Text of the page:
On Monday, January 17, the nation will pause to honor the life of the late Rev. Dr. Martin Luther King, Jr. The only Black American to be honored with a national holiday, many will recall his historic civil rights achievements.
But Dr. King also stood as a tireless champion for economic justice. His last public speech, delivered a day before his 1968 assassination, was before a Memphis audience in support of a lengthy strike for fair wages among its largely Black sanitation workers. That prophetic oration, often referred to as his “Mountaintop” speech, also noted the city’s economic disparities.
“It’s all right to talk about ‘long white robes over yonder,’ in all of its symbolism,” said Dr. King. “But ultimately people want some suits and dresses and shoes to wear down here! It’s all right to talk about ‘streets flowing with milk and honey,’ but God has commanded us to be concerned about the slums down here, and his children who can’t eat three square meals a day.”
When Dr. King moved his family into the city’s Lawndale neighborhood, he described it as “an island of poverty in the midst of an ocean of plenty”.
“Chicago boasted the highest per capita income of any city in the world, but you would never believe it looking out of the windows of my apartment in the slum of Lawndale,” said Dr. King.
“My neighbors paid more rent in the substandard slums of Lawndale than the whites paid for modern apartments in the suburbs. The situation was much the same for consumer goods, purchase prices of homes, and a variety of other services.”
For example, the King family paid $94 per month for four rundown, shabby rooms. During the campaign’s open housing marches on Gage Park and other predominantly white places, new and larger apartment dwellers paid only $78 a month for five rooms.
Fast forward to today and the cost of rental housing remains a challenge for millions of families. The average fair market price for a two-bedroom apartment is $1,295 per month. Yet the highest rent affordable to an average full-time worker is $977, according to the National Low Income Housing Coalition (NLHIC). Its recent report entitled Out of Reach exposes the mismatch between wages people earn and the price of decent rental housing in every state, metropolitan area, and county in the U.S.
Over 7.5 million extremely low-income renters are severely housing cost-burdened, finds the report, spending more than half of their incomes on housing. On average, someone who works 40 hours per week all year round must earn $24.90 per hour to afford a modest two-bedroom home without becoming housing cost-burdened. The average renter’s hourly wage is just $18.78 per hour, however, and minimum-wage workers earn even less.
Additionally, ample research documents show consumers seeking to transition from renters to homeowners face even steeper financial barriers to building family wealth.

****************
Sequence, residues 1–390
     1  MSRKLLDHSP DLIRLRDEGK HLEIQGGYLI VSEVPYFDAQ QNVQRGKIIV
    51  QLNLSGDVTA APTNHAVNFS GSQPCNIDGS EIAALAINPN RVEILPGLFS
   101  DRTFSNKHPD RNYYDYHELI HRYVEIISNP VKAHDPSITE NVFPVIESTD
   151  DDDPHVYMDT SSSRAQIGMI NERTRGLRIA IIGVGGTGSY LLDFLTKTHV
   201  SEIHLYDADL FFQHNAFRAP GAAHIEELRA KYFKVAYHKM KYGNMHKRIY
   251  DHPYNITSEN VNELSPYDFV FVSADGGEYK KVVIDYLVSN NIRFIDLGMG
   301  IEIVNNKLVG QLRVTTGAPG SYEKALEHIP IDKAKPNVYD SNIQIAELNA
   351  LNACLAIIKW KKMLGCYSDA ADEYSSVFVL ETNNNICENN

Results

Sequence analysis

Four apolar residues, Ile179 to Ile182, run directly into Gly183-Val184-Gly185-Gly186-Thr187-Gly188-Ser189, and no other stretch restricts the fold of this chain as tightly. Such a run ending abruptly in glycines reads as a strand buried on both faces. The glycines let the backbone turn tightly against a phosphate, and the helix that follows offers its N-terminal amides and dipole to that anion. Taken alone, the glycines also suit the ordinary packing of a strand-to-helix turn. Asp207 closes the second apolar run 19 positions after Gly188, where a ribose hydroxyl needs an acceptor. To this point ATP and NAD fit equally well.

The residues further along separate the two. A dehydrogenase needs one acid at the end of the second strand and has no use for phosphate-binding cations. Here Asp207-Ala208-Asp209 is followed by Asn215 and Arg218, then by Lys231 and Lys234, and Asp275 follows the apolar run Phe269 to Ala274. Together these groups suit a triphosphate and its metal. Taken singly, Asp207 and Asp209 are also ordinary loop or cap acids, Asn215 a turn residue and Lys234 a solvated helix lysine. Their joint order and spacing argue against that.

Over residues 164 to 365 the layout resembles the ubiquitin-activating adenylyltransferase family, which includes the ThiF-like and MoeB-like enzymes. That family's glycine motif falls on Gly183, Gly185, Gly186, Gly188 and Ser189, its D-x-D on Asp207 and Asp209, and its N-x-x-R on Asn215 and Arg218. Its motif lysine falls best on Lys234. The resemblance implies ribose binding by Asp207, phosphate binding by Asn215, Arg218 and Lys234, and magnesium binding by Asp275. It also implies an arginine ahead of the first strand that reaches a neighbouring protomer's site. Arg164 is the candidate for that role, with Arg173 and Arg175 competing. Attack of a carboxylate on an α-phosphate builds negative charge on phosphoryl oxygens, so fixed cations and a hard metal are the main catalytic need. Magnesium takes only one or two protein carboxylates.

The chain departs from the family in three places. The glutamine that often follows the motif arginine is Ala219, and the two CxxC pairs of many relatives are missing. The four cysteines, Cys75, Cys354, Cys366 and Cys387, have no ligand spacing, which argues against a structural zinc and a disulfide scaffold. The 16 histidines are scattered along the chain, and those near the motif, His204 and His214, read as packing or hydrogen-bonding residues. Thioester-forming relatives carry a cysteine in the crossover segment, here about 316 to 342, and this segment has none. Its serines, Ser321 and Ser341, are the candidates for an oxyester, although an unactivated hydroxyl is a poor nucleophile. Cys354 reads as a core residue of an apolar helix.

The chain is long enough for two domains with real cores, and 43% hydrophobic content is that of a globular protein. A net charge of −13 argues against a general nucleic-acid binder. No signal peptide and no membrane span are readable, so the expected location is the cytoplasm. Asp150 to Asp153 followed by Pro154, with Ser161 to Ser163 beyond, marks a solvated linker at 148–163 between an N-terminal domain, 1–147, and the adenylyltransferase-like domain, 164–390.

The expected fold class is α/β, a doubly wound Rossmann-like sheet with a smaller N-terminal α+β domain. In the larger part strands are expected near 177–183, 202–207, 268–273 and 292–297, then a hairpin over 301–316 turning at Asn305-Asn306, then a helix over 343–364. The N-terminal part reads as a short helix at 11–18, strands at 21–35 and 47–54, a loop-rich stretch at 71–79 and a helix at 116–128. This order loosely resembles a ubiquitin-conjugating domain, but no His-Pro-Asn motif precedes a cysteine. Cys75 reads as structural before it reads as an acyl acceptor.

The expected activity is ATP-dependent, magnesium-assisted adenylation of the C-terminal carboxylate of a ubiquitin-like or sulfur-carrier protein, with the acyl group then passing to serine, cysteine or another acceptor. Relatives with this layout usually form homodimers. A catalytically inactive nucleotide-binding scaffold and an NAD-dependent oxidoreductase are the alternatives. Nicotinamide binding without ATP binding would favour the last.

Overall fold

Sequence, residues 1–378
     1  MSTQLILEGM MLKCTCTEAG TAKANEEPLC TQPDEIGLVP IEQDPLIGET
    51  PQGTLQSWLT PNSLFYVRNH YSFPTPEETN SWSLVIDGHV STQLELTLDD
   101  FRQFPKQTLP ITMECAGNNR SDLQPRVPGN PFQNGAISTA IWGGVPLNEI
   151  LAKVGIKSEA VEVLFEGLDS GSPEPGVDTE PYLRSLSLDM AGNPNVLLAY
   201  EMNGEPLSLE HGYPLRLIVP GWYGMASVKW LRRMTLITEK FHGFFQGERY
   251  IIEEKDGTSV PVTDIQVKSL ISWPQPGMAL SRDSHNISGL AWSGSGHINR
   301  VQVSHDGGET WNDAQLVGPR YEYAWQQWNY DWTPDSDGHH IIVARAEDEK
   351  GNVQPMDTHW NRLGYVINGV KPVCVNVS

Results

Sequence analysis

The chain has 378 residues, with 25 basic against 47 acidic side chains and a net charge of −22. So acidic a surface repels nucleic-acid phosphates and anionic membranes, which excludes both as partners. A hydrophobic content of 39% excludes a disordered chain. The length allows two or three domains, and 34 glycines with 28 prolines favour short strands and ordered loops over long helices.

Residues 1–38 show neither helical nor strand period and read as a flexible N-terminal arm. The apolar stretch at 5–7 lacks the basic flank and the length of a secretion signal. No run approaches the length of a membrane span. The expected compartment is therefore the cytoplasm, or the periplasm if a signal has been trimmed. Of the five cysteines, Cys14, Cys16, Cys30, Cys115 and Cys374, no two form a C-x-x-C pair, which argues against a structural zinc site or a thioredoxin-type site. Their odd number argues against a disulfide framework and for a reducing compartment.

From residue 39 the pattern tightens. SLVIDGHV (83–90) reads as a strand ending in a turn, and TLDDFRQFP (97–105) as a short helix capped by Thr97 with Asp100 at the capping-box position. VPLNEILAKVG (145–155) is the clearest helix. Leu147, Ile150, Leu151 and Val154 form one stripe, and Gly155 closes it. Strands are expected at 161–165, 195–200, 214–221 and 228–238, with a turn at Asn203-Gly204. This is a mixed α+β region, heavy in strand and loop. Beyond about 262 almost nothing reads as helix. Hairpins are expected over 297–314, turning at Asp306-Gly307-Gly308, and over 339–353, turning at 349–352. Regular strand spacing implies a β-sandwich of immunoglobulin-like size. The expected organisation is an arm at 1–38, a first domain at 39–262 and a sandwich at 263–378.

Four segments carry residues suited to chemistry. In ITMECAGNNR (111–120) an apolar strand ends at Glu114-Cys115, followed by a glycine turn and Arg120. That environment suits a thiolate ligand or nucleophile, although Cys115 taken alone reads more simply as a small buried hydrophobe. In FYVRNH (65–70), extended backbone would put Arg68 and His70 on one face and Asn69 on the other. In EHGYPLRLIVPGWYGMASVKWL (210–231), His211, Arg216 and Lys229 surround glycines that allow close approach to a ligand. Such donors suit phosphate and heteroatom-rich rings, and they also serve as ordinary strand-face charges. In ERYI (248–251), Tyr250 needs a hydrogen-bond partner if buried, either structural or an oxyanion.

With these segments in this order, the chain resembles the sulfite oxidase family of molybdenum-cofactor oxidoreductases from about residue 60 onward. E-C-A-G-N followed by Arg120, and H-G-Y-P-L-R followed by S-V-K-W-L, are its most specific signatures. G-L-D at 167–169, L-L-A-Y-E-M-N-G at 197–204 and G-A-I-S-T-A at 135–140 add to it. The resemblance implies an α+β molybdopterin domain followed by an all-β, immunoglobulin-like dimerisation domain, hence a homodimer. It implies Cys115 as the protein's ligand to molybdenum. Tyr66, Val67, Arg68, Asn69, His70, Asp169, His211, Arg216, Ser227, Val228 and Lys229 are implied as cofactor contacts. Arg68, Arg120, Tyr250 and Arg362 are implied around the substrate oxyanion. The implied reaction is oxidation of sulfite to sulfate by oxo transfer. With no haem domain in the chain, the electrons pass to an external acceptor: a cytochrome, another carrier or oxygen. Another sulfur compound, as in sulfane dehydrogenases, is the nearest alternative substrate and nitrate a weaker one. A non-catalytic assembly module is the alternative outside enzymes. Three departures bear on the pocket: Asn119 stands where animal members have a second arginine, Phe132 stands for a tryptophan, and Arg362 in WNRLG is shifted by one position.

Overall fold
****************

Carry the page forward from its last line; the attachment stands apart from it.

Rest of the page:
In 2019, prospective buyers of a median-priced home of $321,500 needed to save 11 years to accumulate a 5 percent down payment of $26,000 on that home, found the Center for Responsible Lending (CRL) in its independent and recent report. But buyers seeking the least costly loans, conventional mortgages, needed a 20 percent down payment of $64,300 plus another $9,663 for closing costs.
“There is a huge disconnect between our collective view of America as the land of opportunity and this data, which show renters face a steep climb in saving for homeownership,” said CRL researcher and report author Christelle Bamona. “This climb is especially steep for Black and Latino Americans, essential workers, and people weighed down by student debt.”
The National Association of Real Estate Brokers (NAREB) underscores CRL’s findings. Its 2021 research, the State of Housing in Black America: Emerging from the Pandemic Recession (SHIBA) found that although homeownership generates the largest part of building household wealth, fewer than 45 percent of Black households own their homes, compared to nearly 75% of whites. Further, Black homeowners captured only $198 million in savings from the Federal Reserve’s lowering of interest rates during COVID. Nationwide, the savings due to this policy change totaled $5.8 billion.
“Blacks have made little, if any, strides at closing the disparate homeownership gap between those of our White counterparts,” noted NAREB President Lydia Pope in the report’s foreword. “Systemic discriminatory regulations and policies continue to thwart any meaningful effort at closing the homeownership gap.”
For example, mortgage pricing, and under-appraisal of home values are examples of how the growth of Black homeownership and, in turn, wealth is systematically suppressed. Since 2019, the rate of mortgage loan denials to Blacks (16 percent) has consistently been double that of whites (7 percent).
While access to mortgage credit remains a central housing issue, housing affordability has worsened for a record 117 months of year-over-year increases, according.to the National Association of Realtors (NAR). The November 2021 median price of existing homes was $353,900, up 13.9 percent from November 2020 ($310,800).
Today the quest for economic injustice continues. Just a few weeks before Dr. King’s assassination, his prophetic voice remains as timely as it is timeless:
“Do you know that most of the poor people in our country are working every day? They are making wages so low that they cannot begin to function in the mainstream of the economic life of our nation. These are facts which must be seen. And it is criminal to have people working on a full-time basis and a full-time job getting part-time income.”
Charlene Crowell is a senior fellow with the Center for Responsible Lending. She can be reached at Charlene.firstname.lastname@example.org.